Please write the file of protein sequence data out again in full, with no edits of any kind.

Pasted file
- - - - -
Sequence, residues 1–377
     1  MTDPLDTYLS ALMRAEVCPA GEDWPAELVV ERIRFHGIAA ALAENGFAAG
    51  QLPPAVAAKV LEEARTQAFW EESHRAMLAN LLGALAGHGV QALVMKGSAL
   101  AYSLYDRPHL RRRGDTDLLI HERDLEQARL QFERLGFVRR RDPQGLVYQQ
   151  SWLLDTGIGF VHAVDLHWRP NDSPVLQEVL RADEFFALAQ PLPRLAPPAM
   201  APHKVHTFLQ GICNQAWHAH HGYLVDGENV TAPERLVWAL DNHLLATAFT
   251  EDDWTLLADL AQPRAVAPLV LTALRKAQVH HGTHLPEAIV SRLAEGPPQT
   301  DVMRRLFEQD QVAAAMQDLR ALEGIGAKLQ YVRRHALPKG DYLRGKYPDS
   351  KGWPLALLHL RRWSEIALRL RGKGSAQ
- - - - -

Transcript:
Sequence, residues 1–377
     1  MTDPLDTYLS ALMRAEVCPA GEDWPAELVV ERIRFHGIAA ALAENGFAAG
    51  QLPPAVAAKV LEEARTQAFW EESHRAMLAN LLGALAGHGV QALVMKGSAL
   101  AYSLYDRPHL RRRGDTDLLI HERDLEQARL QFERLGFVRR RDPQGLVYQQ
   151  SWLLDTGIGF VHAVDLHWRP NDSPVLQEVL RADEFFALAQ PLPRLAPPAM
   201  APHKVHTFLQ GICNQAWHAH HGYLVDGENV TAPERLVWAL DNHLLATAFT
   251  EDDWTLLADL AQPRAVAPLV LTALRKAQVH HGTHLPEAIV SRLAEGPPQT
   301  DVMRRLFEQD QVAAAMQDLR ALEGIGAKLQ YVRRHALPKG DYLRGKYPDS
   351  KGWPLALLHL RRWSEIALRL RGKGSAQ